What I See, part 10, by Karen Joy Fowler
Recently our walks have been curtailed by Mojito’s surgery. Not abandoned, but shorter and slower. She’s sporting some Frankenstein’s monster stitchery and is only just recovering the bounce in her step. The vet described her as a relatively young dog, which surprised me as she’s ten, but according to the chart in his office, ten for a dog is comparable to fifty-six for a person, which does make her the youngest creature in the house, a mere sprig, and explains her youthful attitudes and behaviors.
Odd sightings today.
A singing tree: Just west of the dog beach, along the clifftop is a Monterey pine. There are many Monterey pines along the cliff and one tries not to have favorites, but this is a very appealing tree. Today it was making a tremendous racket as I approached and I had to get quite close to understand that a congress of blackbirds was hidden among the needles, each of them shouting as loudly as possible. There were so many that if they’d all flapped their wings at once, the tree would have taken flight.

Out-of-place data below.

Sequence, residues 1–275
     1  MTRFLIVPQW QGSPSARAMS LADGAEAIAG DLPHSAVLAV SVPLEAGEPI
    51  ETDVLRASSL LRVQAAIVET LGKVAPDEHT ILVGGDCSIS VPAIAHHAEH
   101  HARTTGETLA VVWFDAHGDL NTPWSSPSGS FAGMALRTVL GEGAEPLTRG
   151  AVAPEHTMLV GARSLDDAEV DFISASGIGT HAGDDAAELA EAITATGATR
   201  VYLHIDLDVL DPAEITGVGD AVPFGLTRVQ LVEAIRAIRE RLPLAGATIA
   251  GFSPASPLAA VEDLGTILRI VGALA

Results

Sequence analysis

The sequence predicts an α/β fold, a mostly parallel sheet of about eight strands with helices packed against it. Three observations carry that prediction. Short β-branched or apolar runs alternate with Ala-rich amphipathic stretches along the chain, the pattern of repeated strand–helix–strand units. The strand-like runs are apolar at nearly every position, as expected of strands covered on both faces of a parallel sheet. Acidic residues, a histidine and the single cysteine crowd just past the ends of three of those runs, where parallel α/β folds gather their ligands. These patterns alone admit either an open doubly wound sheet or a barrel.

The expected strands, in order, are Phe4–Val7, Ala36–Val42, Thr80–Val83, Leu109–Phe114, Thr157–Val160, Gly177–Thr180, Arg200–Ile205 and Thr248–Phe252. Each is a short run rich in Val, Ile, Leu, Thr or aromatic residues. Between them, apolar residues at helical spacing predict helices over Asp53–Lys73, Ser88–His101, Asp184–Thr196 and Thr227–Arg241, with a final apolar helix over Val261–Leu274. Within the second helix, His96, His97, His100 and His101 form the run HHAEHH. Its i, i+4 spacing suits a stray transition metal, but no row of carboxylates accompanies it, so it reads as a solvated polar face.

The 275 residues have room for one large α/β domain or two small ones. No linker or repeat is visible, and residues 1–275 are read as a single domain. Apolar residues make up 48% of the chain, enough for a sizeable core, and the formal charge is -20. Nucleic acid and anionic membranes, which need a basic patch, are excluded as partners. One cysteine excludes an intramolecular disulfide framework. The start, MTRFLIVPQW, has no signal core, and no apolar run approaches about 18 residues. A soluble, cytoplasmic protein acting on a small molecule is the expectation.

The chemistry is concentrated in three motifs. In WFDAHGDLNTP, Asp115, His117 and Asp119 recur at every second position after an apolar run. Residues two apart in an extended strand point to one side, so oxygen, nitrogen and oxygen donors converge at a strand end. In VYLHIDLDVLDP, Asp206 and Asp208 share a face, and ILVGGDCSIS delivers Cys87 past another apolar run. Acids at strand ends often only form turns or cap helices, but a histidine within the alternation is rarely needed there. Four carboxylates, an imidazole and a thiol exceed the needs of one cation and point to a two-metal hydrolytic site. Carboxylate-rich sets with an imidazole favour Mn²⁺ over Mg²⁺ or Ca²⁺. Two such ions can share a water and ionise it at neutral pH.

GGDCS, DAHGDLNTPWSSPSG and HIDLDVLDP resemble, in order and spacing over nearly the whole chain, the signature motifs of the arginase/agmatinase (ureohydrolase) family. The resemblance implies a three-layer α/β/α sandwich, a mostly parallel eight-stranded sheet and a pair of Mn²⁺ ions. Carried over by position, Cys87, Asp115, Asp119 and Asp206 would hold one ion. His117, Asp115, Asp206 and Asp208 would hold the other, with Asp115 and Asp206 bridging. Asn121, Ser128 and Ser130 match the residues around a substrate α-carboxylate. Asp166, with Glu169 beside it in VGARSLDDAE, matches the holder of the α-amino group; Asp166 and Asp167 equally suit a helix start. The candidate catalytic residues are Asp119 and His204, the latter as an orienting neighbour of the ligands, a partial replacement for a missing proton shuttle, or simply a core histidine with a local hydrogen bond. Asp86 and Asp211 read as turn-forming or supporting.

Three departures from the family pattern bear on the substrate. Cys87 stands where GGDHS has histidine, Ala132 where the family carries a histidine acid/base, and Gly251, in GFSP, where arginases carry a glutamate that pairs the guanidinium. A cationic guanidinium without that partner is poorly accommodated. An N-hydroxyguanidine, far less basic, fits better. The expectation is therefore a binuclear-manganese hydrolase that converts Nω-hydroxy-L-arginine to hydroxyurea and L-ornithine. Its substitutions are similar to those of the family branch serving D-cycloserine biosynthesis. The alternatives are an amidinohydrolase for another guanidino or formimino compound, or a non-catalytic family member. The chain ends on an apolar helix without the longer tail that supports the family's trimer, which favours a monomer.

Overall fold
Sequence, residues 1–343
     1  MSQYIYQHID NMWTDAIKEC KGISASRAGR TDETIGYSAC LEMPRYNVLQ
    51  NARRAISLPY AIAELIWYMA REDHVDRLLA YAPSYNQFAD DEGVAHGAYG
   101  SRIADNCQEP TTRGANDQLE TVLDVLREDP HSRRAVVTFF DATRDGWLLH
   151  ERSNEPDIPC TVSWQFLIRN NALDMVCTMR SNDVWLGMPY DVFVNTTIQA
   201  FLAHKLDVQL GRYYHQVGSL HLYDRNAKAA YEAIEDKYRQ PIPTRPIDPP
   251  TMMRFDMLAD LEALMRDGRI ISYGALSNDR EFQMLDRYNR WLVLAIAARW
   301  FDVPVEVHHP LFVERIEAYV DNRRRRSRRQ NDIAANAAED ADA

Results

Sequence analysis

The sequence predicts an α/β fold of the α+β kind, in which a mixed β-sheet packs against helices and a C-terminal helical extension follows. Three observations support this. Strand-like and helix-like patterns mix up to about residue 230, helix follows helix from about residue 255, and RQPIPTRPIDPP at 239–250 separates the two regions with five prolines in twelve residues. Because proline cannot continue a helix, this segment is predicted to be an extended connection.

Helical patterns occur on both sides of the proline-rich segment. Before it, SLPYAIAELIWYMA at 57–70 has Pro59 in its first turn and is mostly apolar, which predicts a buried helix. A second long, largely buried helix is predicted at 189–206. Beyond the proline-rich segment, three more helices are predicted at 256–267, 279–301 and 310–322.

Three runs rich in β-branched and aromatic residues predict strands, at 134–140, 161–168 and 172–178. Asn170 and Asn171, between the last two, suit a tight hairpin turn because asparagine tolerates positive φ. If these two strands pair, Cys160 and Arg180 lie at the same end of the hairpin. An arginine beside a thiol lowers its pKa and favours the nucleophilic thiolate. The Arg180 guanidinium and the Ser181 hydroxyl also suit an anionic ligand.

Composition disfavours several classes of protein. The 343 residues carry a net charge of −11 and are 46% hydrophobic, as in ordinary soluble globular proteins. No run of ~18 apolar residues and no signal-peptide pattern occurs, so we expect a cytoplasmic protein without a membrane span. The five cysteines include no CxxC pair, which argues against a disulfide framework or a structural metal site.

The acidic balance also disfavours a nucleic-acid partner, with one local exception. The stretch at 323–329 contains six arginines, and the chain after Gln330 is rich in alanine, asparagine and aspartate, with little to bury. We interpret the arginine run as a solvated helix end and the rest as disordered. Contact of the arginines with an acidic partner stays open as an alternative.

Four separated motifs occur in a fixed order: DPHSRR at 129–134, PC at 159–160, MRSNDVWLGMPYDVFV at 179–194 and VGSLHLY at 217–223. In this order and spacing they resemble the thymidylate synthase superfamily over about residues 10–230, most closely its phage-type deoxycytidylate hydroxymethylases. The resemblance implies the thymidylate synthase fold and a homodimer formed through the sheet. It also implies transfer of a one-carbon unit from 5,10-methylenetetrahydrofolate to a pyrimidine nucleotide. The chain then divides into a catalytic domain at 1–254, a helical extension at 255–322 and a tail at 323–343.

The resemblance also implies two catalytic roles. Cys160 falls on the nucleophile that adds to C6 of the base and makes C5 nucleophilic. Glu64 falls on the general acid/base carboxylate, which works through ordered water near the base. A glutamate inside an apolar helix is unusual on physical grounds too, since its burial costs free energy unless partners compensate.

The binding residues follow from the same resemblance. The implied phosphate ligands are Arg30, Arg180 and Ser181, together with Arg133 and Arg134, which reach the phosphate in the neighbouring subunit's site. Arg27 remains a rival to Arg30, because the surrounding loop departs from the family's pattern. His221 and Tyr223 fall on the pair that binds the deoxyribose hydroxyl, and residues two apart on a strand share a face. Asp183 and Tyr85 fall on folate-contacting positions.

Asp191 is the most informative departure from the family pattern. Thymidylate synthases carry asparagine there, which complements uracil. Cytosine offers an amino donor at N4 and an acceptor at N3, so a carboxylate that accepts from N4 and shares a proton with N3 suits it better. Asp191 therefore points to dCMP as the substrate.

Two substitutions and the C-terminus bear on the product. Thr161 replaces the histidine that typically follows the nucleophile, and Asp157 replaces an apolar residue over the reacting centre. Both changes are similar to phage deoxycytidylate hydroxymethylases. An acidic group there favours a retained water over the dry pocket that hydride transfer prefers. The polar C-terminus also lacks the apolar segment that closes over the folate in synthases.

A leaping cat: MJ and I were coming home along the north edge of the park when I saw a flash of white. It appeared briefly above the blackberry vines and then disappeared again. This repeated until I was close enough to see that it was a cat, bouncing straight up and down in the bramble as if it were on a pogo stick. Of course, MJ’s appearance put an end to all such joyous behaviors and I never did figure out what the what was there.
A drunken surfer: Or maybe not. He was headed back from the beach, still wet, still in his wet-suit, surfboard under one arm and carrying an enormous, almost empty bottle of Jack Daniels in the other hand. Though it’s entirely possible that he hadn’t been drinking—drinking while surfing certainly seems inadvisable in the extreme. It’s entirely possible that he was merely picking up someone else’s litter.
There was a monthly community clean-up underway. When I first walked through the park this morning, it looked fine, but later I had no trouble filling a pail with trash. I found many cigarette butts, wrappers from straws, beer bottles, and napkins. Empty bean cans and bits of tin foil. Condoms, which I’d rather not find, but at least suggest responsible sex. There are many things I’ve done in my life that it shames me to remember, but littering is not among them. Put it on my tombstone. She Didn’t Litter.
What I See
What I See, part 2
Interrupting our regular schedule . . .
What I See, part 3
What I See, part 4
What I See, part 5
What I See, part 6
What I See, part 7
What I See, part 8
What I See, part 9